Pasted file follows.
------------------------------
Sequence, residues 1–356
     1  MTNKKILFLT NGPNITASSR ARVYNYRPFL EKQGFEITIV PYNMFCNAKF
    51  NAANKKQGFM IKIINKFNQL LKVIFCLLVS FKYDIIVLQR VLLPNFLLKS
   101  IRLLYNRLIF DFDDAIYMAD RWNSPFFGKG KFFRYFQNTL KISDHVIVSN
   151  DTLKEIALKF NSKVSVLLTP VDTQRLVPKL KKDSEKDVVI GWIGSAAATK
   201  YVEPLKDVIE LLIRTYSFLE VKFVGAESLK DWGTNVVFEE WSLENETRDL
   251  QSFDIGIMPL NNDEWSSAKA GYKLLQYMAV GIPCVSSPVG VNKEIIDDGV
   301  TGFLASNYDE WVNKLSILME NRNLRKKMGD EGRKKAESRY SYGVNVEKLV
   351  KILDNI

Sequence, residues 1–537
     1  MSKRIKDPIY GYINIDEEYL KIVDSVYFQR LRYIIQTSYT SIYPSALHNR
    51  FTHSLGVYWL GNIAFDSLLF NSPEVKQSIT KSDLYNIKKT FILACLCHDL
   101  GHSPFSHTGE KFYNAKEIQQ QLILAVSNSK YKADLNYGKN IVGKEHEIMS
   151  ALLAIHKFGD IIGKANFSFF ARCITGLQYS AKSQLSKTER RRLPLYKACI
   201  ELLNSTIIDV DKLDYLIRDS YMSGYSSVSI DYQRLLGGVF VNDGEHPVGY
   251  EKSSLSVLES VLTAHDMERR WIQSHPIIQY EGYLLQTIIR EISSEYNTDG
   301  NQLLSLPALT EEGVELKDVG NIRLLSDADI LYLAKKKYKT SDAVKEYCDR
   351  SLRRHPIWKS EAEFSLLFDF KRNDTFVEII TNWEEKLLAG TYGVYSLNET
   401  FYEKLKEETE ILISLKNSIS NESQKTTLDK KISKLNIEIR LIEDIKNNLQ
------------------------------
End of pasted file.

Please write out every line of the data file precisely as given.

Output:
Sequence, residues 1–356
     1  MTNKKILFLT NGPNITASSR ARVYNYRPFL EKQGFEITIV PYNMFCNAKF
    51  NAANKKQGFM IKIINKFNQL LKVIFCLLVS FKYDIIVLQR VLLPNFLLKS
   101  IRLLYNRLIF DFDDAIYMAD RWNSPFFGKG KFFRYFQNTL KISDHVIVSN
   151  DTLKEIALKF NSKVSVLLTP VDTQRLVPKL KKDSEKDVVI GWIGSAAATK
   201  YVEPLKDVIE LLIRTYSFLE VKFVGAESLK DWGTNVVFEE WSLENETRDL
   251  QSFDIGIMPL NNDEWSSAKA GYKLLQYMAV GIPCVSSPVG VNKEIIDDGV
   301  TGFLASNYDE WVNKLSILME NRNLRKKMGD EGRKKAESRY SYGVNVEKLV
   351  KILDNI

Sequence, residues 1–537
     1  MSKRIKDPIY GYINIDEEYL KIVDSVYFQR LRYIIQTSYT SIYPSALHNR
    51  FTHSLGVYWL GNIAFDSLLF NSPEVKQSIT KSDLYNIKKT FILACLCHDL
   101  GHSPFSHTGE KFYNAKEIQQ QLILAVSNSK YKADLNYGKN IVGKEHEIMS
   151  ALLAIHKFGD IIGKANFSFF ARCITGLQYS AKSQLSKTER RRLPLYKACI
   201  ELLNSTIIDV DKLDYLIRDS YMSGYSSVSI DYQRLLGGVF VNDGEHPVGY
   251  EKSSLSVLES VLTAHDMERR WIQSHPIIQY EGYLLQTIIR EISSEYNTDG
   301  NQLLSLPALT EEGVELKDVG NIRLLSDADI LYLAKKKYKT SDAVKEYCDR
   351  SLRRHPIWKS EAEFSLLFDF KRNDTFVEII TNWEEKLLAG TYGVYSLNET
   401  FYEKLKEETE ILISLKNSIS NESQKTTLDK KISKLNIEIR LIEDIKNNLQ